Every activity has an effect on the environment. An emission factor tells us how significant that impact is by measuring the greenhouse gas emissions per unit of activity.
Imagine you want to calculate your business’s carbon footprint, so you need to find out how many kg of GHG are emitted by burning a particular amount of fuel. To calculate this, you’d need an emission factor.
But how exactly do we use emission factors to measure the greenhouse gas emissions of a given activity?
Let’s dive in and find out.
Why is using an emission factor important?
Using emission factors help us fight climate change. Understanding the emissions factors of activities helps us build emissions inventories, which guide emissions control strategies.
We’re currently facing 1.5C of global warming, which would change our climate as we know it today. From air quality to natural disasters, every aspect of our lives will be affected by global temperature changes.
Scientists and members of the intergovernmental panel on climate change (IPCC) and the U.S. EPA are working on multiple solutions to the climate crisis. But in order to find solutions, we first need to understand the problem.
This is where emission factors come in.
Using an emission factor to calculate the average emission of a given greenhouse gas allows experts to work out which changes to make for emission reduction.
Emission factors can guide decision-making on almost everything, from the boilers we create to the cars we build. With the help of an emission factor, we can find out whether electricity generation or fuel combustion has a worse impact on the planet, informing future decisions.
How do we measure global warming from greenhouse gas emissions?
We can measure global warming from greenhouse gas emissions by finding out the emission rate of each gas. Here’s how.
If you’ve heard of global warming, you’ve probably heard of CO2 (carbon dioxide), one of the best-known greenhouse gases (GHGs). But it’s not the only one.
Methane and nitrous oxide are two other significant warming gasses.
Measuring the impact of these two gases is difficult because they affect the atmosphere in different ways.
Nitrous oxide, for example, has a 100-year global warming effect which is over 250 times more powerful than that of CO2, according to an index called the Global Warming Potential (GWP).
We tend to think of the climate emergency as occurring over the next 100 years, so the GWP of gases is typically measured in 100-year stints. Here’s a simple visual to show you the difference in warming potential of the three gasses.
So how do we find out the warming effect of each greenhouse gas?
To accurately compare the emissions of one GHG to another, we must standardise the measurement of emissions. Enter: emission factors.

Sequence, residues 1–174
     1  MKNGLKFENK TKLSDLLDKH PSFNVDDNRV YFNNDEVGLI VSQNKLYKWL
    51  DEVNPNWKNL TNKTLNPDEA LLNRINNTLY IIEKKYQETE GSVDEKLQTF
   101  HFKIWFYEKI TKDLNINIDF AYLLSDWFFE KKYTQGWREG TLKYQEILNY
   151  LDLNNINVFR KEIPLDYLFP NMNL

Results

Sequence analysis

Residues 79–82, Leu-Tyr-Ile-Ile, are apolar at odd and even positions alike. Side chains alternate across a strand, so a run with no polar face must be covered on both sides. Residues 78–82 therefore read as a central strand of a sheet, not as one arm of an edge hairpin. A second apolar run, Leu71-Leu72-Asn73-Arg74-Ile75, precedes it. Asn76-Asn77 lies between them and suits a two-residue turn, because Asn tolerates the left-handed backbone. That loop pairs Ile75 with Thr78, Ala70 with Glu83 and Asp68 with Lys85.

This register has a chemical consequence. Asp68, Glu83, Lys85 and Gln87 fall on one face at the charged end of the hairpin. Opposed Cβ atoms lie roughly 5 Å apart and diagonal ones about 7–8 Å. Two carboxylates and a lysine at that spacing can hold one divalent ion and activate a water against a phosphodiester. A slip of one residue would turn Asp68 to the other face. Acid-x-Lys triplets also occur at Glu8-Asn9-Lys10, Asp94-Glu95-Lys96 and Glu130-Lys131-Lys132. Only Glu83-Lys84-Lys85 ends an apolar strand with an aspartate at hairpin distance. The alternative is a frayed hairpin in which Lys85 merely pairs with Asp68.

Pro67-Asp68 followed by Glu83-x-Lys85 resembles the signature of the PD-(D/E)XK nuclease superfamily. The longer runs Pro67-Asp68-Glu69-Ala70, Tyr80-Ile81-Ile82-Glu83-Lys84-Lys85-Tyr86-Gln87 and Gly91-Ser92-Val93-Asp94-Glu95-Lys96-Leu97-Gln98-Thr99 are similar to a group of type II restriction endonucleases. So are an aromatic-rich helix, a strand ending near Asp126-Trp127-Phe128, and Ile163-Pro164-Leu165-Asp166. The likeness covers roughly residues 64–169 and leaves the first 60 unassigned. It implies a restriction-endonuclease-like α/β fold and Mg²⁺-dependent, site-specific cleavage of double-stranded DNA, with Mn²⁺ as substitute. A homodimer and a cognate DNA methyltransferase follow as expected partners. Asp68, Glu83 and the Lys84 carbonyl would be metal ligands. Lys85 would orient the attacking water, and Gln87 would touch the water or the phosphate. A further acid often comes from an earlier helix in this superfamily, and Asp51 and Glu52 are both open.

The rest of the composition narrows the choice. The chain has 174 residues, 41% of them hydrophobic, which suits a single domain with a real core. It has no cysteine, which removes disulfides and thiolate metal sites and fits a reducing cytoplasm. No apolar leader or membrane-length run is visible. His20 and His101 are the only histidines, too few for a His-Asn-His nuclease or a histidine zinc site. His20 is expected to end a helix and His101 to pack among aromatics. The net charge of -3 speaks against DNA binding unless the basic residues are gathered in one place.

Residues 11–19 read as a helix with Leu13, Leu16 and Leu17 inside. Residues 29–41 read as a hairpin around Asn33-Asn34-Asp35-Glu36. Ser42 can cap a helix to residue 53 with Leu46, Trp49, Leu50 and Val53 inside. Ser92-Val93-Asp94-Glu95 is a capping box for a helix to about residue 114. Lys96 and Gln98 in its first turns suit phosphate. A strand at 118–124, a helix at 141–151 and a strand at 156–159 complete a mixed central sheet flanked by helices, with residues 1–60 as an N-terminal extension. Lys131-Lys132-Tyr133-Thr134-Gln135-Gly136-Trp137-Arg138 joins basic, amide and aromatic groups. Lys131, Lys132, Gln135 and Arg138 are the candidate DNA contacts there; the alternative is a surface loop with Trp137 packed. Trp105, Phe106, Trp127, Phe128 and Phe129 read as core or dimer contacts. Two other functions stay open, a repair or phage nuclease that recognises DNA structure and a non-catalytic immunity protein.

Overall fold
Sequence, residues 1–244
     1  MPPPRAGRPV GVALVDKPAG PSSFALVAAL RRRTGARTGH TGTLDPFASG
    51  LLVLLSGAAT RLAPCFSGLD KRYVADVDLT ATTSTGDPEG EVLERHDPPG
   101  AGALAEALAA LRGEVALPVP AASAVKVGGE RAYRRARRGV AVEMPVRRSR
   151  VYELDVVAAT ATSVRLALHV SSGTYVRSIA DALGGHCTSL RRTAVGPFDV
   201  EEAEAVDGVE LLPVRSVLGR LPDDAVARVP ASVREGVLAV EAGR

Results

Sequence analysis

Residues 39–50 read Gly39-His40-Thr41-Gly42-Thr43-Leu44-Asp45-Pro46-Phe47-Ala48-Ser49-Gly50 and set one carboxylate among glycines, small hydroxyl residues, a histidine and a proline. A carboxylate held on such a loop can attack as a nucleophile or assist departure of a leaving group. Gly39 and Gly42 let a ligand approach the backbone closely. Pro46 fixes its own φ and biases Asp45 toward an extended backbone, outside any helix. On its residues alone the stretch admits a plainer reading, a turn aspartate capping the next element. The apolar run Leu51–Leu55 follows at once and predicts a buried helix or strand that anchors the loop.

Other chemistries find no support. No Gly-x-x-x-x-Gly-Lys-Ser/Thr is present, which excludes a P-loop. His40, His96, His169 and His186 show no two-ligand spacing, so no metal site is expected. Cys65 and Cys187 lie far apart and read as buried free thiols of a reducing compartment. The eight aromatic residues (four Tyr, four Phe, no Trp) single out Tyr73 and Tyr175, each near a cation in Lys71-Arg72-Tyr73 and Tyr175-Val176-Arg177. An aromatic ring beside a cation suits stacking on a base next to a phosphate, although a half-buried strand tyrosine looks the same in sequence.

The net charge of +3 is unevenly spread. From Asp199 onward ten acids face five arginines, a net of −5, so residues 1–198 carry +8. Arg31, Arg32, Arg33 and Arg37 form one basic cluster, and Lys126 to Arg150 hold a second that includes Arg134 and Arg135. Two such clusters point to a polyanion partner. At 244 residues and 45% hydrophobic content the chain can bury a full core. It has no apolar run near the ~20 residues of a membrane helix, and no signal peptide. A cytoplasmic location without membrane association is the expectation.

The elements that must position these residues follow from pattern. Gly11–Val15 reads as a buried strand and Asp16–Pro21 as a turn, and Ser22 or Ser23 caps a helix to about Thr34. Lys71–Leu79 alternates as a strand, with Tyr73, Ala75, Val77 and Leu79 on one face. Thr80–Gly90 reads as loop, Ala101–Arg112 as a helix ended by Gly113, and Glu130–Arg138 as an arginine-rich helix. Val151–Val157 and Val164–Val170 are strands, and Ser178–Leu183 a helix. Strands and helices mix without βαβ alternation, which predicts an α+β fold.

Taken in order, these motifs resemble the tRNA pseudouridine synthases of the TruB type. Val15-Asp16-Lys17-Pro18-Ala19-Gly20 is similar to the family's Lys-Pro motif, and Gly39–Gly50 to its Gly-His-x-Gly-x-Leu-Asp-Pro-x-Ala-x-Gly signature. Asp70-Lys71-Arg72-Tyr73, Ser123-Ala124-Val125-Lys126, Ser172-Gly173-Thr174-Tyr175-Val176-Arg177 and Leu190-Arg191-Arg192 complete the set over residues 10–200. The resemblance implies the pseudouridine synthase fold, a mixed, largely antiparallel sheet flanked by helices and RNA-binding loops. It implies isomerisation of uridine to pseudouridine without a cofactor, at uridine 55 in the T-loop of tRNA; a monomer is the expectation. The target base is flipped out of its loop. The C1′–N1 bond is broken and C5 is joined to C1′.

Greenhouse gas (GHG) emissions are measured in CO2 equivalents, given in kilograms (kg) or tonnes/metric tons (t).
We use the CO2 equivalent to discover how much a given amount of a particular GHG would warm the atmosphere over 100 years compared to the same amount of CO2 over 100 years – i.e its emission rate.
Here’s an example of the GHG emissions of burning different fuel types, calculated using an emission factor.
Using the emission factor (cited here as the conversion factor), we can find a CO2eq in tons to measure which fossil fuel impacts greenhouse gas production most significantly.
How to use an emission factor
Now it’s time for the methodology. Let’s start with CO2 as the base.
We’ll call CO2 ‘1’ because all other GHGs will be measured against carbon dioxide. The table below shows the CO2 equivalent GWP for some of the best-known greenhouse gasses.
To convert an activity into its CO2 equivalent, we need an example activity.
Let’s imagine we want to find out how many kg of GHG are emitted by burning 50kg of natural gas. First, let’s pick an emission factor that allows us to calculate natural gas emissions in CO2e for a given unit of weight.
The UK government’s 2021 factor gives a factor of 2538.48kg CO2 equivalent per metric ton of natural gas combusted. To calculate the emissions emitted from 50kg of natural gas, we’d use the following equation.
Weight of gas combusted in metric tons x 2538.48.
We’d first need to convert 50kg into its equivalent metric tons, giving us 0.05t. So the result is:
0.05t x 2538.48kg CO2e/t = 126.921CO2e of GHG emissions.
Problems with developing emission factors
In some countries where the data is less specific, organisations try not to apply international values in case it skews the results. This uncertainty leaves the calculation of carbon footprints open to error.
Here are just a few of the uncertainties associated with developing an emission factor.
Parameter uncertainty relates to the uncertainty of the emission estimation of various activities, such as running a power plant, raising cattle, and driving a vehicle.
Scenario uncertainty relates to a lack of knowledge about the technological and societal developments of the future, resulting in a change in how GHGs are emitted. We don’t know, for example, how fuel-efficient future cars may be, so this limits sustainability plans.
Model uncertainty relates to issues of how accurately a model can reflect real-world scenarios.
The bottom line
Developing an emission factor can be tricky, but it’s one of the best quantification tools at our disposal for estimating emissions to be used in data sets or an assessment report.
CO2 emission factors allow us to accurately compare the emissions of one GHG to another, informing our strategies for tackling climate change.